Tampines accident: Even strangers step forward to help brothers' family
HELP has streamed in for the family of the two young brothers who died in Monday's tragic road accident.
Prime Minister Lee Hsien Loong, church members and even strangers have either rendered assistance or posted condolences online to the family of Nigel and Donavan Yap, aged 13 and seven.
In a Facebook post just hours after the brothers' bicycle was hit by a cement truck, Education Minister Heng Swee Keat said schools would step up road safety education and work with the police and Land Transport Authority "on further measures to enhance safety".
He added that he was "very saddened" by the boys' deaths and said the accident would be investigated "thoroughly" by the police.
PM Lee also posted online that it was "tragic that an evening cycle could end like this".
"We will render all the help they need to get through this difficult period", he wrote.
Their voices join those of other ministers, MPs and social media users, who called on Singaporeans to be sensitive to the family in their time of grief and conveyed their condolences online.
Tampines GRC MP Baey Yam Keng visited the family in person yesterday and said he was thinking of holding a candlelight vigil.
The employers of the victims' parents have also rendered assistance. Counsellors from the Singapore Armed Forces, for whom the boys' father works, were around to talk to the grieving couple.
McDonald's director of human resources Audrey Chin said the restaurant chain had provided "assistance and support".
Yesterday, a steady flow of colleagues, members of the family's church and strangers arrived at the wake at Tampines Street 44.
About 30 strangers from an advertising firm collected $880 for the family. Mr J. Cheong, 36, who was with this group, said: "When I saw the news, as a cyclist and parent, I could relate. We are all random strangers but everyone is connected because we are all human."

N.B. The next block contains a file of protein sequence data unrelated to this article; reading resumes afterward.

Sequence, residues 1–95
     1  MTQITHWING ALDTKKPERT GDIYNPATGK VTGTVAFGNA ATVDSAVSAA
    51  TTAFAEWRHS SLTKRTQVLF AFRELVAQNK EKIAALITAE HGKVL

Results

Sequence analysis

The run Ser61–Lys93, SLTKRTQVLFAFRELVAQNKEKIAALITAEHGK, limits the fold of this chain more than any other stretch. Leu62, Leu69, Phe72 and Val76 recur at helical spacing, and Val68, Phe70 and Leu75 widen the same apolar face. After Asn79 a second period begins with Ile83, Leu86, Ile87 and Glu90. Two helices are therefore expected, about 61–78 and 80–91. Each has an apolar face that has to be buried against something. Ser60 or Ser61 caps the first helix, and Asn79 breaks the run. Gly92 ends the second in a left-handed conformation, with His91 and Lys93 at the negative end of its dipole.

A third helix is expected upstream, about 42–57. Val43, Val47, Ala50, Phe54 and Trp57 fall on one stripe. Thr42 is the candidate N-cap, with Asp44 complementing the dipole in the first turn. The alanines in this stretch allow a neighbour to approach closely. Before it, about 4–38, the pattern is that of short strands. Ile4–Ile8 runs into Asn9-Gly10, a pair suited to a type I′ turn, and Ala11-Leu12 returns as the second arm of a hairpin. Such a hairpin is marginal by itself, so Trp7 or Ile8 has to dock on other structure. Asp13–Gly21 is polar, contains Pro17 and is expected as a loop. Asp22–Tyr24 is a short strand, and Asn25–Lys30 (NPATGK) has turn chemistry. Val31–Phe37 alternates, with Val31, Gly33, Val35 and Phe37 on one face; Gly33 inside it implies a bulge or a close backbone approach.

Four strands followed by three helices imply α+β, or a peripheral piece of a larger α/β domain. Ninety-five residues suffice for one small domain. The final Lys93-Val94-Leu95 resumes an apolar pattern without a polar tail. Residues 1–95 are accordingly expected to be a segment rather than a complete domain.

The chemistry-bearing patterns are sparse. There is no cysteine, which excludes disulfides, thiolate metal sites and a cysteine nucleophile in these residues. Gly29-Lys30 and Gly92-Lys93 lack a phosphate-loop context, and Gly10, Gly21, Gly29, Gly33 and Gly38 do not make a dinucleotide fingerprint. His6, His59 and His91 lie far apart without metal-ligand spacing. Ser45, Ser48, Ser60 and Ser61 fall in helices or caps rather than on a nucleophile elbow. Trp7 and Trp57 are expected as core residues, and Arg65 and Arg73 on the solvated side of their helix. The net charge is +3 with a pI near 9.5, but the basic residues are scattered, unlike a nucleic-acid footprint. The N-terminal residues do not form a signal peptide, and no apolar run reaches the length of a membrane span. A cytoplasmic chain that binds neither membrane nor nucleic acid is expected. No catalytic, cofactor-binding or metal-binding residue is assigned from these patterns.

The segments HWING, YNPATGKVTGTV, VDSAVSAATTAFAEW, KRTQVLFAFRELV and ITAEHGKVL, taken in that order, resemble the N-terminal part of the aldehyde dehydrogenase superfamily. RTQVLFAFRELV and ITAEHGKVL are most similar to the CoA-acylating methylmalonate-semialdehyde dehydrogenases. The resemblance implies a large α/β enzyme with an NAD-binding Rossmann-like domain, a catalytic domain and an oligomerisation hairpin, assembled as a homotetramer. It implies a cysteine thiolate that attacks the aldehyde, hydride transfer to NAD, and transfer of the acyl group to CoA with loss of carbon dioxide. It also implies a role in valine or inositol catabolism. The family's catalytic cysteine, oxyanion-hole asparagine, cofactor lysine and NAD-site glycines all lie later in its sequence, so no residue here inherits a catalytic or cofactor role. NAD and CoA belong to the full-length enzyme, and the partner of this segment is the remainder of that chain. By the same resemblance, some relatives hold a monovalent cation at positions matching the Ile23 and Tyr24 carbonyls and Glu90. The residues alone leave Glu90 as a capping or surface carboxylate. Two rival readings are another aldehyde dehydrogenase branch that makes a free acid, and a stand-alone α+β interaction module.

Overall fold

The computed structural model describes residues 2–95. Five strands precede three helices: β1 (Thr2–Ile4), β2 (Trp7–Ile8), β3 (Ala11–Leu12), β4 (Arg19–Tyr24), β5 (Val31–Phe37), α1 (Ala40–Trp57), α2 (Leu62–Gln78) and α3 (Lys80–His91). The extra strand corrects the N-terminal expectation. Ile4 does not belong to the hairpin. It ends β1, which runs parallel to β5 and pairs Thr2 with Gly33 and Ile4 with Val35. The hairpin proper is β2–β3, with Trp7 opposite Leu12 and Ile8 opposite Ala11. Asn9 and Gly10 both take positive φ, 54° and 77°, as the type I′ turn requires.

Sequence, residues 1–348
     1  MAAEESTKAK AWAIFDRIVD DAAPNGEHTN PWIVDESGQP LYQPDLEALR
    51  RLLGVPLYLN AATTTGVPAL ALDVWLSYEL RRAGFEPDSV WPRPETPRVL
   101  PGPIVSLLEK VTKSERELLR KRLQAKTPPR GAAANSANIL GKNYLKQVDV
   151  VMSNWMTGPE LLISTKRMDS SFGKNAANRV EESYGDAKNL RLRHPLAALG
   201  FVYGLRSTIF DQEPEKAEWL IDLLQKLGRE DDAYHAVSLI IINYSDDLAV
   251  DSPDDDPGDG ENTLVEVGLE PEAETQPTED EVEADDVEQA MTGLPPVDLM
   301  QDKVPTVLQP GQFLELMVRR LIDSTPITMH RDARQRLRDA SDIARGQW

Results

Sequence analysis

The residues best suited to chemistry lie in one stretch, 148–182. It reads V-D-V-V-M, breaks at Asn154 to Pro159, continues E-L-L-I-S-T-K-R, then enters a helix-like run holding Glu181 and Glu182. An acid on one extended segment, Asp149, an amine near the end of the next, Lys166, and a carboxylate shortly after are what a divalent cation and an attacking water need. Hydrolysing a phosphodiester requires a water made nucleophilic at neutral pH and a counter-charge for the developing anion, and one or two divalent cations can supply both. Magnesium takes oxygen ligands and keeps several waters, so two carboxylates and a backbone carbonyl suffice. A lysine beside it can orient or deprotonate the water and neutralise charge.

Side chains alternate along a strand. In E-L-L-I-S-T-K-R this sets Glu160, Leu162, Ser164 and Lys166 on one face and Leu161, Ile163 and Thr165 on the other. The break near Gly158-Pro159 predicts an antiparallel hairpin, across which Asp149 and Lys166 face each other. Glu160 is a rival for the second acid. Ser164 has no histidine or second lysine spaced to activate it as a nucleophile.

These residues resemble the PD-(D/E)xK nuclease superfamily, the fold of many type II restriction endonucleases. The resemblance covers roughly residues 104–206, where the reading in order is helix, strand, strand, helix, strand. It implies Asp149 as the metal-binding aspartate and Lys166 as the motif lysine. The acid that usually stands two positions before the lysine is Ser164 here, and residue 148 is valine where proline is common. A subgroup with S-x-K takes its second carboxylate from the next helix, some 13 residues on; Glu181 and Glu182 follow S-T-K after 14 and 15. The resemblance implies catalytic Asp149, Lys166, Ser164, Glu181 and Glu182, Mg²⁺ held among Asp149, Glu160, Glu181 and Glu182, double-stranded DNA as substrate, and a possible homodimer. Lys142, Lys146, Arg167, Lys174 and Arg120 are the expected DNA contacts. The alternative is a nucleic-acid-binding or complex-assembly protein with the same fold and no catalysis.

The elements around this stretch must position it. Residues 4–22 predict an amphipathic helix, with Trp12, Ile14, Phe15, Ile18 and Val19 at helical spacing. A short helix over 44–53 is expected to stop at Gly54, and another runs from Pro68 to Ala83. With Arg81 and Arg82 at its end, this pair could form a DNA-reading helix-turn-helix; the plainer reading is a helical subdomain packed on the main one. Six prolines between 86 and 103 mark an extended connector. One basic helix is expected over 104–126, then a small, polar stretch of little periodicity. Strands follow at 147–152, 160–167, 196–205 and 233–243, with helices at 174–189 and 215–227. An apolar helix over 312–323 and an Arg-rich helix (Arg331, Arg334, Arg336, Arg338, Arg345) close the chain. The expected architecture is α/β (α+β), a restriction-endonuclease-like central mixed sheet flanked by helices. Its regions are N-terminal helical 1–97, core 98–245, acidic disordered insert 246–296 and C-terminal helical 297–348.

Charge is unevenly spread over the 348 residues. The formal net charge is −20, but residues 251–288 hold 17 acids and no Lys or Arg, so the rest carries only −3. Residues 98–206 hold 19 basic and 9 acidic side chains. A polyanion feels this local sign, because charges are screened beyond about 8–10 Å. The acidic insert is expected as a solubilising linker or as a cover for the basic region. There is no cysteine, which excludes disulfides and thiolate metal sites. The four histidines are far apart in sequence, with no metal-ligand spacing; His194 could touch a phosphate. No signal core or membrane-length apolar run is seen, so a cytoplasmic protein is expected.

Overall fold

The Straits Times also received a call from cyclist Mohd Adila, who said he was trying to gather other cyclists to make a donation to the family.
The Singapore Road Safety Council's chairman, Mr Bernard Tay said: "Drivers have the responsibility to be alert and mindful of other road users, especially cyclists and pedestrians, who are the most vulnerable on the roads.
"Drivers must constantly be on the lookout for inexperienced and vulnerable road users who may not be fully aware of the different risks and hazards on the roads."
Safe Cycling Taskforce president Steven Lim was at the accident site yesterday afternoon.
"If you can take care of your own safety, you can take care of others' safety," he said. "If you are reckless, chances are you hurt yourself and hurt others as well."
Additional reporting by Charissa Yong and Priscilla Goy
EVERYONE CAN EMPATHISE
When I saw the news, as a cyclist and parent, I could relate. We are all random strangers but everyone is connected because we are all human.
- Mr J. Cheong, 36, who was with a group from an advertising firm